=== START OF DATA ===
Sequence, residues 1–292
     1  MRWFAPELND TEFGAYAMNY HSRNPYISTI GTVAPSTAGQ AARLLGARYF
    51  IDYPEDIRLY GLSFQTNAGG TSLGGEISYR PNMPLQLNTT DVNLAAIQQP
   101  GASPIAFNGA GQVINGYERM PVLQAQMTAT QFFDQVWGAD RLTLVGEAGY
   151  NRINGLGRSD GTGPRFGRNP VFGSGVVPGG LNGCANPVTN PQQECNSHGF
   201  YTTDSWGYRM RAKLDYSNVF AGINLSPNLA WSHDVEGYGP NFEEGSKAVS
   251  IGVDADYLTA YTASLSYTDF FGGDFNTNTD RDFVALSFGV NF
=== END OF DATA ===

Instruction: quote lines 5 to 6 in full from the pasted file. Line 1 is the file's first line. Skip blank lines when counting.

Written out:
   151  NRINGLGRSD GTGPRFGRNP VFGSGVVPGG LNGCANPVTN PQQECNSHGF
   201  YTTDSWGYRM RAKLDYSNVF AGINLSPNLA WSHDVEGYGP NFEEGSKAVS